Architect Kobi Karp doesn’t merely build structures—he builds bridges. Not water-traversing spans but metaphorical bridges that link people, cultures, neighborhoods and communities. And from where he stands, the views are spectacular.
Karp’s method: he surveys landscapes, explores pedigrees, and samples ethnic flavors for inspiration. He’s also a fixer, a uniter. You could call him an architectural ambassador—a one-man United Nations-style problem solver.
Hardly surprising for the Israel-born, resident of Miami, the spicy-hot cosmopolitan city where each neighborhood fuels creativity. As head of Kobi Karp Architecture & Interior Design, he feeds off Miami’s delicious architecture (Art Deco, modern, etc.)—both his own and others, past and present.
“You don’t get a feeling for the variety of Miami Beach architecture and the uniqueness of the Art Deco districts unless you can walk the streets to see it in its purest form,” he says.
Karp’s “non-stylistic” portfolio journeys from luxurious celebrity estates to affordable housing to historic landmarks to exotic international projects. Project type or style isn’t what drives him—the experiential connection to the real world does. His buildings tell emotional stories, like art, films and music do.
“Our design philosophy is to create thoughtful and soul-reaching experiences that are inspirational through architecture psychologically, sociologically, environmentally and emotionally. When I listen to the Beach Boys I can smell the salt from the ocean. The Beatles pull on your heartstrings. We pull on the heartstrings of what the experience is. We’re not trying to tell you we’re more luxurious. Anyone can do that.”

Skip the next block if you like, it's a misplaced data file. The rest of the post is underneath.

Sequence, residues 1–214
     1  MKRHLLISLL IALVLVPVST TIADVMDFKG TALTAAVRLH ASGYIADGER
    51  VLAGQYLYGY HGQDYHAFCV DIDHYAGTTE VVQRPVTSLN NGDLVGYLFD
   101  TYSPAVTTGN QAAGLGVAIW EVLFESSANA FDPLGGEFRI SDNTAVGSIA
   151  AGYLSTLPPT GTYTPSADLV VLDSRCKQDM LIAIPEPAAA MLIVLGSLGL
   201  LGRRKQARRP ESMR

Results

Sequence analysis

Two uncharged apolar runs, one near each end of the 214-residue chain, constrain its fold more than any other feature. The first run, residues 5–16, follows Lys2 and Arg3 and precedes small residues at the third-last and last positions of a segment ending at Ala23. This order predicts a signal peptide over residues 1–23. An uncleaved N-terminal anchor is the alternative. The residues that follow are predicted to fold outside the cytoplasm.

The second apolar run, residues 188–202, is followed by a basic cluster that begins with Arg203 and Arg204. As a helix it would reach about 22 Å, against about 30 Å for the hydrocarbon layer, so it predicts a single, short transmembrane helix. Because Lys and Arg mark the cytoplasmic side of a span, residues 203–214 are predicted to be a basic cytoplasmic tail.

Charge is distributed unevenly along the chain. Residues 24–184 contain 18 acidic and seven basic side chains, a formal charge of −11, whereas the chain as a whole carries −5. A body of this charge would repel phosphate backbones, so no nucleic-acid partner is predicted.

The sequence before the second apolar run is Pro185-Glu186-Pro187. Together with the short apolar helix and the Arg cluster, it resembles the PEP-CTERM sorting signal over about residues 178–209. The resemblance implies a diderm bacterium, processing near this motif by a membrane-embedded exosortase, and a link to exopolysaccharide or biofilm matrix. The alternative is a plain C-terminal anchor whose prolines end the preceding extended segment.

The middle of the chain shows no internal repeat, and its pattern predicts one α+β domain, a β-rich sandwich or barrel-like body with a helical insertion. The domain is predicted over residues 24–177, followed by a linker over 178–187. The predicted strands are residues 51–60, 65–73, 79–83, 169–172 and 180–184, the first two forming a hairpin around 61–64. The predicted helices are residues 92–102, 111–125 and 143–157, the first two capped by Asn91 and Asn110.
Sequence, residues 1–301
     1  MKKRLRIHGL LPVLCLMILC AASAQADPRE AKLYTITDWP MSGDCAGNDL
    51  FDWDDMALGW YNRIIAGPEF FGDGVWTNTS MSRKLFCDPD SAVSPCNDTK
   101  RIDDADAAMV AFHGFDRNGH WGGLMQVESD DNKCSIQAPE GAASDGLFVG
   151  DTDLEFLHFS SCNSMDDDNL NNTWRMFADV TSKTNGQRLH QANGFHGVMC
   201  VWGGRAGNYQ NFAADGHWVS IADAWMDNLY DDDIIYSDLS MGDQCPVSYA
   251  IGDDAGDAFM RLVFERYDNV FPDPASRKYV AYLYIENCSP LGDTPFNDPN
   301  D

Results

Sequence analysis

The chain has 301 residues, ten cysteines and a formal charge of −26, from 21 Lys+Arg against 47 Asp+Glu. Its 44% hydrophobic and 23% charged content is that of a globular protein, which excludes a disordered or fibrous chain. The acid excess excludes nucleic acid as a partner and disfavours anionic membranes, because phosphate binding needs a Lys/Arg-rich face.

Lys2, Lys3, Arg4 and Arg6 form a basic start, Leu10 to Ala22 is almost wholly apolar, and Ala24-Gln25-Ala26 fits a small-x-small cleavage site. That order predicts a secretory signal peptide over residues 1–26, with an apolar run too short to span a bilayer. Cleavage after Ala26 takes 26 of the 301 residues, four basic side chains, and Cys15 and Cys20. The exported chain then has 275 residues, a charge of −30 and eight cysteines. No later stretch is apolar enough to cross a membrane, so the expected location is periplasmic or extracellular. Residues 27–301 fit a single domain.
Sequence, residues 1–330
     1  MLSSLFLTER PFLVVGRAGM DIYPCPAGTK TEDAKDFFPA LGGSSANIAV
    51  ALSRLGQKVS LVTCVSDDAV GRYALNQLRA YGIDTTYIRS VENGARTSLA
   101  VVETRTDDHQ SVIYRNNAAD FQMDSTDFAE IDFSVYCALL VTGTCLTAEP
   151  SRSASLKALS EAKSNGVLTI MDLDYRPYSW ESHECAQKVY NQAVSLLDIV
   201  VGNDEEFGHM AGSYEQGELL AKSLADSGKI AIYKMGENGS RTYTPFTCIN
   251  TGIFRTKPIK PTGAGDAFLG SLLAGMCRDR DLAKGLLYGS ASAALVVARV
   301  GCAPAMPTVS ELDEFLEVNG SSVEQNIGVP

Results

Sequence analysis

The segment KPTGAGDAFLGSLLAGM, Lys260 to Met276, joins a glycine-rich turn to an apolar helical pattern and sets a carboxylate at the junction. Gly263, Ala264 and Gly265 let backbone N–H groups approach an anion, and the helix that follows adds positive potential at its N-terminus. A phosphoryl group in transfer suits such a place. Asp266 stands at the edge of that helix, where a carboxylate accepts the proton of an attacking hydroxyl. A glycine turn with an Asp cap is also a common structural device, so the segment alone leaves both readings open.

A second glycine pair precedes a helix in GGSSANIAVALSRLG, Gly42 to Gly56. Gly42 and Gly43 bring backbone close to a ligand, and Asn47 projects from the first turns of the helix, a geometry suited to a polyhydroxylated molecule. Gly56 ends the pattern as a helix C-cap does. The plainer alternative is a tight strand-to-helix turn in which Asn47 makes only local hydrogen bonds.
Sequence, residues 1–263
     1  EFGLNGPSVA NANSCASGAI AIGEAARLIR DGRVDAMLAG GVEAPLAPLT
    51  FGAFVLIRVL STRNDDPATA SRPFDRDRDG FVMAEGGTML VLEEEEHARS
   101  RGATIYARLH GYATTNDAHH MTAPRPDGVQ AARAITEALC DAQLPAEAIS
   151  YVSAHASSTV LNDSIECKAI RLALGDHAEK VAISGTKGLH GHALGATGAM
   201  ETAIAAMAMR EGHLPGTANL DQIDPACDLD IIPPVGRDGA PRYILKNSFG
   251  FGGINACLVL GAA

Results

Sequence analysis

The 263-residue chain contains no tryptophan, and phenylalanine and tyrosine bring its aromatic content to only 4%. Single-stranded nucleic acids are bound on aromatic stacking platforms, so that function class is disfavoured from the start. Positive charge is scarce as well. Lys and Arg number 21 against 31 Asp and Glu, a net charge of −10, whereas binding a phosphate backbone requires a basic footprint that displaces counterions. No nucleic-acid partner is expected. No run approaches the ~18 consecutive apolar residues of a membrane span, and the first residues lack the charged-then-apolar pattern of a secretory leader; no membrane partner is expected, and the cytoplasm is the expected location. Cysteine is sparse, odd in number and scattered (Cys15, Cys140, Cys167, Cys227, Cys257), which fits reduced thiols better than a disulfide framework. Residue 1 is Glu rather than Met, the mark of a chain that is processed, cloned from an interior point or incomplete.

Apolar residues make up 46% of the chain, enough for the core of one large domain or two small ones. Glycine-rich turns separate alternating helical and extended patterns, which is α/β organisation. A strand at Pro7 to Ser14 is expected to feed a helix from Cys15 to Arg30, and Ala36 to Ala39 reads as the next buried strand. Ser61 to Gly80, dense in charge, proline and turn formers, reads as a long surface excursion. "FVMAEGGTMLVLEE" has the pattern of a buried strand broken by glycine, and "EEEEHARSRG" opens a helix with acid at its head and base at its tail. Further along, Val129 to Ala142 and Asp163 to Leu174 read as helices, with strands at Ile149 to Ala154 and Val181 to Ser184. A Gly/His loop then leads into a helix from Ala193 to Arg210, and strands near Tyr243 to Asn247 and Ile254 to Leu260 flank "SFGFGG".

Karp is more than an architect—he’s part environmentalist, evangelist, historian, and tourist. That’s why the stories he tells, the projects he builds, are as complex and deep as Port Miami.
“Each project is unique, like humans,” he says. “The human body has the same composites (lungs, kidneys, a heart), but we’re all different. Buildings have similar DNA but they’re set up differently. Whether it’s a luxury resort, a condo or affordable housing, the experience needs to be inspirational.”
So let’s travel through beautiful Miami (and beyond) into the scholarly mind of a creative design master. Here, you’ll see what drives Karp’s design choices, how he problem solves, and why cultural knowledge matters.
Palazzo Del Sol (Fisher Island)
In designing this 10-story, 46-residence palazzo, Karp honored the original Mediterranean-style Vanderbilt Mansion and Fisher Island’s legacy as an elite winter retreat.
“For Fisher Island, we used the island’s history as DNA for the building, including the scalloped façade, open-air terraces and nature. We used the island’s lush green spaces as inspiration for garden, landscaping and outdoor designs.”
The Surf Club (Surfside)
Since its 1930 opening, this historic club was an entertainment hotspot (even Winston Churchill visited). Decades later, the club faded like The Rat Pack, losing its cache. Yet, a bigger challenge emerged: its new financially beneficial landmark status restricted new renovation options. How did Karp (and Four Seasons) bring Surf Club out of its luxury limbo?